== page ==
Automotive Radar Innovations Enable Next-Gen ADAS and Autonomous Driving

How can radar advance to be cost effective, meet safety standards and drive adoption? In this article, Matthias Feulner, Senior Director ADAS at NXP Semiconductors, explores automotive radar innovations that are doing just that. Don’t miss Matthias at AutoSens Brussels, where he’ll be diving deeper into the future of radar.

Continuous innovation in sensor technology for advanced driver assistance systems (ADAS) and autonomous driving (AD) is critical to improving driving safety, preventing accidents, and saving lives. This article looks at two recent radar innovations – 28nm RFCMOS single-chip radar integration and high-resolution 4D imaging radar – that will help OEMs meet more stringent safety standards and enable comfort functions at SAE levels L2+ and beyond.

More demanding safety requirements

The European New Car Assessment Program (NCAP) 2025 safety roadmap and five-star safety ratings of the US government’s NHTSA regulations are introducing new mandatory requirements, in particular the ability to detect, separate and classify vulnerable road users, such as a fast-approaching motorcycle, at distances up to 200m, along with the ability to operate in challenging environmental conditions, such as during inclement weather or at night, both of which present challenges for cameras. Radar sensors are required to achieve longer detection range and support elevation sensing to enable better object classification.

Many mid-range vehicles beginning in the 2025 model year will be equipped with as many as five radar sensors – four at the corners and one at the front – for 360-degree surround sensing,  and premium vehicles might make use of ten or more. Efficient management of larger amounts of detailed sensor data and coordination of many sensors, as well as scalability of sensor configurations across different car models, region-specific requirements and autonomy levels, will be key.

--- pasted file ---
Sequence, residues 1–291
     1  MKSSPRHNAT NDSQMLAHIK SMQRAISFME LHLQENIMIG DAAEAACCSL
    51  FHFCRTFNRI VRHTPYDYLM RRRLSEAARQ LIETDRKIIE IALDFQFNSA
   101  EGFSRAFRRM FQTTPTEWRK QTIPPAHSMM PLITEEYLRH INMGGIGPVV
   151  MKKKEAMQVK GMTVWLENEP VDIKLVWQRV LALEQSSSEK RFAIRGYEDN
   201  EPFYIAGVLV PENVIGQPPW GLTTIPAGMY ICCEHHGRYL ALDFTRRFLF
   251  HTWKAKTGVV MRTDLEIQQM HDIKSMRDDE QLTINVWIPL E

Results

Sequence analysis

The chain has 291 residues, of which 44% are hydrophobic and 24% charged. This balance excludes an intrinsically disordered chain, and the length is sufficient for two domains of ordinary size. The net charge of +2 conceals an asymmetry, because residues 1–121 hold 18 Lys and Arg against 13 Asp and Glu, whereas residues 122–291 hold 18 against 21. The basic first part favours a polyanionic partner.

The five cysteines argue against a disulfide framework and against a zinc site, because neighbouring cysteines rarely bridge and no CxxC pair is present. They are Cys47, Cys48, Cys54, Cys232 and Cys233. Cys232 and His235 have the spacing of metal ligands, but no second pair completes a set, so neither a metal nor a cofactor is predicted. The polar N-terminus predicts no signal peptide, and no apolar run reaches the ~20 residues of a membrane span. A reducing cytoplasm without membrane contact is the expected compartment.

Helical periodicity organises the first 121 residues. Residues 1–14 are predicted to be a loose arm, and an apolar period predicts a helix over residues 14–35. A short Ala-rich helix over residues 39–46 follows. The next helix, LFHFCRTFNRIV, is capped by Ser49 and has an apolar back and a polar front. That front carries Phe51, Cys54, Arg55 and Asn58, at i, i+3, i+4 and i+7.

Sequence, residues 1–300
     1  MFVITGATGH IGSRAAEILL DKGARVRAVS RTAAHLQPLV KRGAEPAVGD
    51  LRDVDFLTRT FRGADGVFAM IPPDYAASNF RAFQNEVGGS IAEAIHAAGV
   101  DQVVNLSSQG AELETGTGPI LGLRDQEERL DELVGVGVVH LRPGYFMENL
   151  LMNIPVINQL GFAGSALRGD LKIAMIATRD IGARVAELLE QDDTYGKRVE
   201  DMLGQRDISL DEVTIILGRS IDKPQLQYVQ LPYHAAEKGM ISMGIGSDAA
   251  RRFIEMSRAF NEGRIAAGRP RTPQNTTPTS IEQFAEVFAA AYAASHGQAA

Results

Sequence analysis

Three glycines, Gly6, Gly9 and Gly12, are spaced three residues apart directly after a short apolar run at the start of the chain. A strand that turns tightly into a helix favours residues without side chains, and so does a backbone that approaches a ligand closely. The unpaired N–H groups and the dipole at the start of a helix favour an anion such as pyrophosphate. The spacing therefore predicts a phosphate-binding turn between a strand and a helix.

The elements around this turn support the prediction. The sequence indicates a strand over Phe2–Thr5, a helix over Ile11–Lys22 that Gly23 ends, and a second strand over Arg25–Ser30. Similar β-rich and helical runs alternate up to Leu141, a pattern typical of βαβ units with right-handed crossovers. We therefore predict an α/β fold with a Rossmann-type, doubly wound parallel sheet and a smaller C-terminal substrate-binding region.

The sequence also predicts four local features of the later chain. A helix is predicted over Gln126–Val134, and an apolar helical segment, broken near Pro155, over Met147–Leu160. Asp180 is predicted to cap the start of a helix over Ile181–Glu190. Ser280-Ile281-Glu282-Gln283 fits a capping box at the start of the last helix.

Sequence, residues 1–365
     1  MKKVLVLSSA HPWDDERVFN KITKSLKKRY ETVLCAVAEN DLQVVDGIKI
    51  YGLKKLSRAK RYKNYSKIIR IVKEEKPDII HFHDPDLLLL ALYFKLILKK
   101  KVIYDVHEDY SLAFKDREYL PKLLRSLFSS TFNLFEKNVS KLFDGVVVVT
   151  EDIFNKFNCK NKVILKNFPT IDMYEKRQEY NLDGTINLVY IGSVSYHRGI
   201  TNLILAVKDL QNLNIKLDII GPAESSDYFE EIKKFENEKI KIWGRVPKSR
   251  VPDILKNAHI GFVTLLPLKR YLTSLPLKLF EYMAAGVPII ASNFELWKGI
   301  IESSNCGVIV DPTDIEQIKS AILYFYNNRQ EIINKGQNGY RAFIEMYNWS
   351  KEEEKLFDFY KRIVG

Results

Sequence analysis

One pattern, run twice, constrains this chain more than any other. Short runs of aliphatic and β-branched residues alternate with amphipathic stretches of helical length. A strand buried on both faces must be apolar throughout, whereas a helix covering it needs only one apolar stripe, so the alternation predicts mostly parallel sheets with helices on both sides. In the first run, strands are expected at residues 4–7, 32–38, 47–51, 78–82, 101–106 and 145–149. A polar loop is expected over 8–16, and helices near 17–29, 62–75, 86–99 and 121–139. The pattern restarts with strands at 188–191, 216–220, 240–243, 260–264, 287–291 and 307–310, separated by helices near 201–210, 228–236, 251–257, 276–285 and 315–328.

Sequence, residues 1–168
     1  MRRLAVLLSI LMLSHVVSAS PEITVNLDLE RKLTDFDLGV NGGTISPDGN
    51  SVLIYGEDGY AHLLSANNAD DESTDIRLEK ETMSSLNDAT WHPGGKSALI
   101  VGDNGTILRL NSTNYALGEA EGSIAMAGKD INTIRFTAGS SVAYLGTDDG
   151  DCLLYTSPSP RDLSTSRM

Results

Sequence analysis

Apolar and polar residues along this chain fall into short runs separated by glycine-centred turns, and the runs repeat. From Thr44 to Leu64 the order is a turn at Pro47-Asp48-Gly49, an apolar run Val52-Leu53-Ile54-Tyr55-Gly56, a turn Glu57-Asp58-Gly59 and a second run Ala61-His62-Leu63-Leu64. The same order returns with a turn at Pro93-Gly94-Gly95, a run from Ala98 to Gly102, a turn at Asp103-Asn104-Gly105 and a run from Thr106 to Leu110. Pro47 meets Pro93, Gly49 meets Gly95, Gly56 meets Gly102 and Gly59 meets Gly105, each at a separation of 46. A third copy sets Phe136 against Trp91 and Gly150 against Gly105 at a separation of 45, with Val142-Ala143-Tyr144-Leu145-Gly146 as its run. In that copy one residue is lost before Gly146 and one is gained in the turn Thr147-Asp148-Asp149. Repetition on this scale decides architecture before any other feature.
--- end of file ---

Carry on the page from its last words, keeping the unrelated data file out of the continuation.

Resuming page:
Figure 1: Mid-range vehicles in 2025 will provide 360-degree radar sensing using up to 5 sensors
Figure 1: Mid-range vehicles in 2025 will provide 360-degree radar sensing using up to 5 sensors
High-performance radar sensors in match-box size

Single-chip radar SoCs in the 28nm RFCMOS technology node, NXP’s 3rd generation RFCMOS, bring important improvements. The integration level has dramatically increased, reducing the size of a radar sensor to roughly the size of a matchbox.

Figure 2: The 28nm RFCMOS radar 1-chip fits onto a fingertip and enables very compact sensors
Figure 2: The 28nm RFCMOS radar 1-chip fits onto a fingertip and enables very compact sensors

The 2x RF link budget improvement compared to the previous generation now allows reliable detection of objects in the far distance beyond 300m and accurate separation of small objects, like pedestrians and motorcycle riders, in close proximity to larger ones, like a car or a truck. Next to angular resolution improvement, the addition of elevation sensing allows extraction of further details about objects and helps radar-based classification of objects based on richer information available in both vertical and horizontal dimension.

New comfort functions at L2+ and L3

OEMs are moving quickly to adopt software-defined vehicle (SDV) concepts, where new features are regularly added to expand the vehicle’s capabilities and generate continuous revenue streams through upgrades and subscriptions. While fully autonomous applications at L4 are growing steadily from a small base, it is the L2+ segment that is seeing fastest growth, enabling L3 functions to be offered to drivers while ensuring drivers retain responsibility for vehicle operation (Figure 3).